Longest Strike in Colombia’s History Dries Up Bogotá’s Cannabis SupplyJeronimo GonzalezSeptember 21, 2016
Similar to the legal situation in the Netherlands, recreational use of cannabis is decriminalized and generally tolerated in Colombia, and growing up to 20 plants at home is allowed. Commercial cultivation, however, remains illegal. Illegal distribution is nevertheless a major facet of life, giving many families of farmers a way to survive in an impoverished rural society.
But things are changing. Recent peace negotiations with FARC, the Marxist guerrilla group that traditionally controlled some of the production zones, have left some areas vulnerable to turf wars among paramilitary groups. That has upset established trade patterns surrounding illegal production and distribution, leading to higher overall cannabis prices.
To make matters worse, this summer Colombia witnessed the longest and most costly strike in the nation’s history. The national truckers strike began in early June and ended after six weeks of violence and serious disruption to the Colombian economy It also hit cannabis lovers in the country’s two main cities of Bogotá and Medellín with a terrible drought. Drivers blocked main transportation routes, inflicting billion-dollar losses and causing severe shortages of food and other goods, including cannabis. Thirty-one police officers were injured during the strike and ensuing clashes between police and strike supporters. One protester was killed by a police tear-gas grenade.
The country’s truckers have held similar strikes periodically over the past decade, demanding fair wages and labor concessions from the government. But while the negotiations have seemed endless, the two sides arrived at only a partial agreement. “The two sides reached agreement on cargo prices and the gradual removal of old vehicles, ending the longest and most costly strike in Colombian history,” Reuters reported, “but failed to agree on toll road and fuel costs.”
Cannabis is transported to the major Colombian cities by road from cultivation zones, which are generally located deep in the Andes mountain range. Hundreds of hectares are grown there by illegal farmers. The strike disrupted the chain of transport to cities, leading to shortages. The street price of cannabis doubled or even tripled in some areas.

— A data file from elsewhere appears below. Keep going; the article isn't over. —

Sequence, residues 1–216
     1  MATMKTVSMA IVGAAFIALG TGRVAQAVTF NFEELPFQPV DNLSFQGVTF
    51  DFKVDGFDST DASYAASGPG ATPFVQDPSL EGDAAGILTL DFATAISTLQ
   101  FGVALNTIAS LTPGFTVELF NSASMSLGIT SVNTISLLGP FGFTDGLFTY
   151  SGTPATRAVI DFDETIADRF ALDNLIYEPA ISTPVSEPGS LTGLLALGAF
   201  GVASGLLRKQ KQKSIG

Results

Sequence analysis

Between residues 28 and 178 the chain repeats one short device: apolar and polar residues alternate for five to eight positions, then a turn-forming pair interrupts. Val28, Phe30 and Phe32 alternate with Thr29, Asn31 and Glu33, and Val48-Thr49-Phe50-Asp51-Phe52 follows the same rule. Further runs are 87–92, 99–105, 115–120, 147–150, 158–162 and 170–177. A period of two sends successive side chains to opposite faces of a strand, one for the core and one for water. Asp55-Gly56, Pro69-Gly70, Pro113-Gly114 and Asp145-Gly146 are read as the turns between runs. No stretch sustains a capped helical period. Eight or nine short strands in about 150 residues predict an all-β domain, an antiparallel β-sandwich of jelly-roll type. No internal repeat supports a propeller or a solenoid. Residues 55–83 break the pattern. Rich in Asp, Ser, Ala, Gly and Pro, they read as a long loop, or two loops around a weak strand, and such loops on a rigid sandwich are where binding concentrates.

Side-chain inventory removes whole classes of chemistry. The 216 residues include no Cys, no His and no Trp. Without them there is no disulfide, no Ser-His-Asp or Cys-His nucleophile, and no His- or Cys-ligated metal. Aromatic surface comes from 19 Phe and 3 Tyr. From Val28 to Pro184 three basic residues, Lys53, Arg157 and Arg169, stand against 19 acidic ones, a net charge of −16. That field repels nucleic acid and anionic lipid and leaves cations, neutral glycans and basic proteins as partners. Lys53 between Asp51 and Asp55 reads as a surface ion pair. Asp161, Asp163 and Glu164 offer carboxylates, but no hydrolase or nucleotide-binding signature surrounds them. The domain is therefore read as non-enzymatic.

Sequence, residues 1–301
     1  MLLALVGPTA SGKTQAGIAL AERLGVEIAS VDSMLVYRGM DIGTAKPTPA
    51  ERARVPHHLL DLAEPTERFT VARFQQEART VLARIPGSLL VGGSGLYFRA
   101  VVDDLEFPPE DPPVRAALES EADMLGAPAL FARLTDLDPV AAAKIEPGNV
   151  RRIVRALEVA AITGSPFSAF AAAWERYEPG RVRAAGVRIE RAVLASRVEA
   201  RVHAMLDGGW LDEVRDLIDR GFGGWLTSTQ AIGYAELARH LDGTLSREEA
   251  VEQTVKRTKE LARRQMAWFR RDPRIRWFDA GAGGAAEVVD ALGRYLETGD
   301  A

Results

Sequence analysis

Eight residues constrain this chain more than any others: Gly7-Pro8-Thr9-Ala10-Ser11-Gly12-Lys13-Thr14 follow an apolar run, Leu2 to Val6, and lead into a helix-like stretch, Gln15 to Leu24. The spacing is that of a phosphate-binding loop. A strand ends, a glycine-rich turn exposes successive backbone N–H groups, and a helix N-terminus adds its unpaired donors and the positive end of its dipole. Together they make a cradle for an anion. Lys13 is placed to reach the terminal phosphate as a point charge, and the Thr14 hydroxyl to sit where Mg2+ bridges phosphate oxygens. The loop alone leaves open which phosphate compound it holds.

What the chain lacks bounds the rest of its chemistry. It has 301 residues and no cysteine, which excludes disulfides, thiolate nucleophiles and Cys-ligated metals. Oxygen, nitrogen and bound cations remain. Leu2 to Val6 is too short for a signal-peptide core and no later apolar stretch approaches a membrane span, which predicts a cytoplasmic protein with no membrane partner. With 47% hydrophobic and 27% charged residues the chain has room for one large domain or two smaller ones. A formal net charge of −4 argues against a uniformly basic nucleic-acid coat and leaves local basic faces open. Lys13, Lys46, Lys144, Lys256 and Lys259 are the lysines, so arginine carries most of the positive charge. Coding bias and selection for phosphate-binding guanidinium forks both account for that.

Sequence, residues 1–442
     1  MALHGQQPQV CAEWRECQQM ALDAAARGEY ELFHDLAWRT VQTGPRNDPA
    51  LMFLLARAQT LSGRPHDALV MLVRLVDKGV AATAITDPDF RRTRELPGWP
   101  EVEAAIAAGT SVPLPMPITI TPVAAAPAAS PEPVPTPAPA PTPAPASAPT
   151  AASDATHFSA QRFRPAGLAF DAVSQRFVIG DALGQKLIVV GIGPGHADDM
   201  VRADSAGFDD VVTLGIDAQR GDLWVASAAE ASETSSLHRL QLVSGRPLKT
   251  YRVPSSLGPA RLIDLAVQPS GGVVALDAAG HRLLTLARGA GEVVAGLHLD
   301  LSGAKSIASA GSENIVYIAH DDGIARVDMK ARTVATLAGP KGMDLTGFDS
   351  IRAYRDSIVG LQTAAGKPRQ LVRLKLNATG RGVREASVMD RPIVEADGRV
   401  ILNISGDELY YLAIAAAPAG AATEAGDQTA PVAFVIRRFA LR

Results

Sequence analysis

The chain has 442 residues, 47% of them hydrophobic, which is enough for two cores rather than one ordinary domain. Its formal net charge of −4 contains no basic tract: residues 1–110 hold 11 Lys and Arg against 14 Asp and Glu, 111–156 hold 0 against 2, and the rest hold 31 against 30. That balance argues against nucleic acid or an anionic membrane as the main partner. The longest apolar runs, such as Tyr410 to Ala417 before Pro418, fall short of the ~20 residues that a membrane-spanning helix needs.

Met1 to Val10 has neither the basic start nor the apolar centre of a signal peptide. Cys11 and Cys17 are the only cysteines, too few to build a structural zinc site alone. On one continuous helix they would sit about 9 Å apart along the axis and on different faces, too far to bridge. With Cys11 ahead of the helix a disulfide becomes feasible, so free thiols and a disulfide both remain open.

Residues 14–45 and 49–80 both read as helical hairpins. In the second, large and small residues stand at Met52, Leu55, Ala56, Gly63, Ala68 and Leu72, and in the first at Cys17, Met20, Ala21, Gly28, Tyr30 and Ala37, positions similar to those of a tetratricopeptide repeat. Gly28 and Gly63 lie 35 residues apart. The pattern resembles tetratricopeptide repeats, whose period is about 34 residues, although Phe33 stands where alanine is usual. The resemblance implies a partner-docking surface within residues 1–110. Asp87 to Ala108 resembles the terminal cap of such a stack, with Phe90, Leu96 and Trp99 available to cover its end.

In Bogotá, only the wealthiest and best connected had the contacts to find what is called “creepy” — a term for indoor- or greenhouse-grown flowers cultivated by a handful of hobbyist growers in the cities. It’s an option that’s way too expensive for the average consumer, and many dislike the high levels of THC in these strains, generally imported hybrids. Most prefer what’s known as “regular,” domestic cannabis strains. Not only are these outdoor-grown, sativa landrace strains cheaper, they’re also familiar fare for Colombian consumers. Containing much less of the psychoactive compound THC, they tend to deliver a mellow and more mild effect. “Regular” can be up to one-tenth the price of “creepy,” as it usually contains seeds, has been overcured, and is much more widely grown. It’s akin to low-quality Mexican cannabis exported by cartels to the U.S. or the average Thai cannabis strains from Asia.
For the increasing number of tourists visiting Colombia, the recent price spike makes little difference. Tourists almost always pay higher prices than do locals, who know where to go or whom to call for delivery. Compared to North American and European prices, cannabis is still very cheap in Colombia, sometimes by a factor of 10 to 20. A well connected local can buy a kilo of “regular” for USD $30 to $100. Depending on the quality, a kilo of “creepy” will cost between $200 and $400.
Some politicians in Colombia have interpreted the strike’s effect on the drug market as a positive one. They’ve recommended police study it to design a counter-narcotics plan to stem the flow of drugs into the municipalities. But ironically, much of the conflict’s violence is the result of the black market’s illegal nature and the corruption that it brings.